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Classic Theology and Aesthetics

Use this forum to have philosophical discussions about aesthetics and art. What is art? What is beauty? What makes art good? You can also use this forum to discuss philosophy in the arts, namely to discuss the philosophical points in any particular movie, TV show, book or story.
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Ben
Posts: 10
Joined: February 15th, 2011, 11:08 am

Classic Theology and Aesthetics

Post by Ben » February 28th, 2012, 2:04 pm

Given:
I. That art is essentially creation (or creative expression)
II. That true creation requires freedom of the creator
III. That classic theology views God as one with knowledge of the future as actualities
IV. That that were the future known "actually," the future then must already be an actuality
V. And that Judeo-Chrsitian anthropology calims that man is made in God's image (part of that image including the capacity to create)
VI. Therefore: according to classic theological paradigms, true art is impossible for men to accomplish. And being that according to Judeo-Christian anthropology, men are created in God's image, and that part of that image includes the capacity to create (via the arts), Classic theology actually defeats its own anthropolgical stance.

In a paragraph: Classic theology and art are incompatable because in order for God to know the certain future, it must be known as an actuality, and if it is an actuality, then it already exists. If it already exists (even given real human choice/free will), the path of time is already locked in and set. Freedom is then locked, which denies men creative capacity.

This clearly poses a bigger theological question (along with questions of time) as it requires a shift in basic views of who God is, or even if he could exist, but I wanted to focus here simply on the incompatability of Classic theology and aesthetics.

dowhat1can
Posts: 187
Joined: May 21st, 2008, 2:38 pm

Re: Classic Theology and Aesthetics

Post by dowhat1can » February 28th, 2012, 10:32 pm

You are outlining a version of the problem of foreknowledge and free will and are opting for the incompatiblilist position that infallible future knowledge of human behavior implies that human choice is determined (i.e., no creativity).

Historically, there are quite a few compatibilist philosophies which argue the opposite -- that divine foreknowledge is compatible with human free will -- including Aristotle (i.e., "The Sea-Fight Tomorrow", Boethius and Aquinas (Summa Theologica Question 14 God's Knowledge -- God is not in time so God's transcendent knowledge does not include beliefs which occur in time), Augustine/Frankfort (consideration of alternative realities) and various current theories.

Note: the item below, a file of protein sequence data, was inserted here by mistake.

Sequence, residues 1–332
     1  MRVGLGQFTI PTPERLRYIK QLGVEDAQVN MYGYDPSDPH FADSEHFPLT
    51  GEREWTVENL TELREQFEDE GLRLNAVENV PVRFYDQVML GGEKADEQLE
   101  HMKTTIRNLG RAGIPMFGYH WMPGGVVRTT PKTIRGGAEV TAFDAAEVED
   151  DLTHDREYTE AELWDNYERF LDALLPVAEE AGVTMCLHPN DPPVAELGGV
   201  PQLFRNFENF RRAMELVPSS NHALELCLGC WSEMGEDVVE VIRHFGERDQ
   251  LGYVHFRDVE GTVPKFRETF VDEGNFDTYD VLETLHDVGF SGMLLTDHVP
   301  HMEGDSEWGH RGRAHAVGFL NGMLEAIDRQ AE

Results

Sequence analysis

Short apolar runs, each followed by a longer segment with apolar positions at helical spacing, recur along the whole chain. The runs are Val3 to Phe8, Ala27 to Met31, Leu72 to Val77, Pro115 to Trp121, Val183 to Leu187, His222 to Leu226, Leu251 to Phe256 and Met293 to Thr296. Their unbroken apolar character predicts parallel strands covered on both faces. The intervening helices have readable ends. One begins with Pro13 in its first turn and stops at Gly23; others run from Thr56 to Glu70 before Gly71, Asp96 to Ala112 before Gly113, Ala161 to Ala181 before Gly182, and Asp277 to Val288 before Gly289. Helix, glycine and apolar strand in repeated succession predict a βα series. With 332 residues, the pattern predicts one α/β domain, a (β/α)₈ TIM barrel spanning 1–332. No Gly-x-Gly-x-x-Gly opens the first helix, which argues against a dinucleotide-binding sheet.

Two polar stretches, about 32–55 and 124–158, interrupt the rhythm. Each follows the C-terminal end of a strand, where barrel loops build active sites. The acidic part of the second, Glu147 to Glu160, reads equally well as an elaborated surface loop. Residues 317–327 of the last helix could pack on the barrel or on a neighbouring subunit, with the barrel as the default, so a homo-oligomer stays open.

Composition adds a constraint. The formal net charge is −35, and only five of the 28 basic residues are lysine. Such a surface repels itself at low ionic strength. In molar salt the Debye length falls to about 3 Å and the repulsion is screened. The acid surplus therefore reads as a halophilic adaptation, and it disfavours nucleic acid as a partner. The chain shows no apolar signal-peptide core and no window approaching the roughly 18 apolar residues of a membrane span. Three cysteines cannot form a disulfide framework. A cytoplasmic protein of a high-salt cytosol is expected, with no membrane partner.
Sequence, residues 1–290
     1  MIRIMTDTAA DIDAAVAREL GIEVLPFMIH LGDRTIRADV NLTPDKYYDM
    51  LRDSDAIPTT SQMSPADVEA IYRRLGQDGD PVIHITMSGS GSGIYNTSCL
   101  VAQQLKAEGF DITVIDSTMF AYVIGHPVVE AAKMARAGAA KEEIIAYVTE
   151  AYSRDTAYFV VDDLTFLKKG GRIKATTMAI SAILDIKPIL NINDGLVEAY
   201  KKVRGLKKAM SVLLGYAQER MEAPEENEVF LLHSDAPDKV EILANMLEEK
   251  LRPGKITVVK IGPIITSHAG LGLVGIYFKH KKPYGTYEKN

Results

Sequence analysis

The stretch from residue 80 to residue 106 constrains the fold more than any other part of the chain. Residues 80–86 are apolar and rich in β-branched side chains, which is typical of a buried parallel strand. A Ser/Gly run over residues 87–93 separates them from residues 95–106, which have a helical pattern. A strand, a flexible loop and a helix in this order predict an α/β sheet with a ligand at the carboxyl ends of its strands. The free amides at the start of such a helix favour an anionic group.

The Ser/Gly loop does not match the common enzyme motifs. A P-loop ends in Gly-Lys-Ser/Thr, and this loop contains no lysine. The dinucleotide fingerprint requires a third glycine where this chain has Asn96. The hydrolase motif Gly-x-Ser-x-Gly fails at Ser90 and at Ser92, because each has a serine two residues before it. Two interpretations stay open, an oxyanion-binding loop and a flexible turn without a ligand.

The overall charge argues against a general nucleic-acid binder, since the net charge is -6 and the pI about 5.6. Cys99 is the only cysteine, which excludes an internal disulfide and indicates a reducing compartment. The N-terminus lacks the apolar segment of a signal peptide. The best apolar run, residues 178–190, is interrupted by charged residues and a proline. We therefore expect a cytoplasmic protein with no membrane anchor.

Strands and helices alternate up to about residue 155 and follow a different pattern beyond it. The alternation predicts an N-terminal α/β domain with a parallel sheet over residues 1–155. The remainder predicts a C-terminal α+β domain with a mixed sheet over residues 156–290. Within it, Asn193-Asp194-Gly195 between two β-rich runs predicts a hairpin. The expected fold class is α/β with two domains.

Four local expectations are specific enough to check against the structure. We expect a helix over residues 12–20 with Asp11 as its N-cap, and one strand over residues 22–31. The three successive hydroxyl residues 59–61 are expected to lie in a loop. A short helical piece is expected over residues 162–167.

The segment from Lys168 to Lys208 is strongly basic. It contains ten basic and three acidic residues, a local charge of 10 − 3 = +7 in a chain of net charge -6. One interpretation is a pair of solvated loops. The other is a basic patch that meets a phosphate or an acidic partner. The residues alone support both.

One view, similar to occasionalism, tries to resolve the paradox by noting that from God's point of view everything is known but from the human point of view there is free choice. In a word, because God is all knowledgeable he simply knows in advance what our free choice will be. Q.v., "Free Will and Determinism", p. 4. (I suppose it's the same kind of knowledge my girlfriend has when she claims to always know in advance what I will choose.) :(

Ben
Posts: 10
Joined: February 15th, 2011, 11:08 am

Re: Classic Theology and Aesthetics

Post by Ben » February 29th, 2012, 12:17 pm

Indeed there are, and I am familiar with the compatibilist philosophies. I take however a libertarian stance, and this by hermenuetic, which (I apologize if prematurely), takes us to the highest held Western Judeo-Christian scriptures found in the Old Testament.

Classic theism holds the somewhat Platonic idea that God (or ultimate form) is perfect, and in his perfection unchanging. However in the major western religions, the very source of their theology comes from a book which reveals a God who cahnges course in action, and who is seemingly dependent and responsive to human action. This is not to say that he relies on humans to exist, or for His power, but simply that his will is intertwined and in flow with the decisions they make each day. It seems a stretch to believe that a God who knows everything outside of time, would have a will and purpose which is fluid and subject to change depending on human action.

This changing will indicates no prior knowldge of the actual future. Even if one is to consider God outside of time, it does not require that the future be already in actual existence, but rather is still being created moment by moment. God then may even know all possible futures, with out knowing it as an actuality. His movements and actions and desires as shown in the Judeo-Christian scriptures reflect that he has a will which is fluid.

The problem for me then is not that free will is incompatable with God's knowledge of the future but rather that his fluid will is incompatable with with a knowldge of the future in actualites, rather than possibilities.

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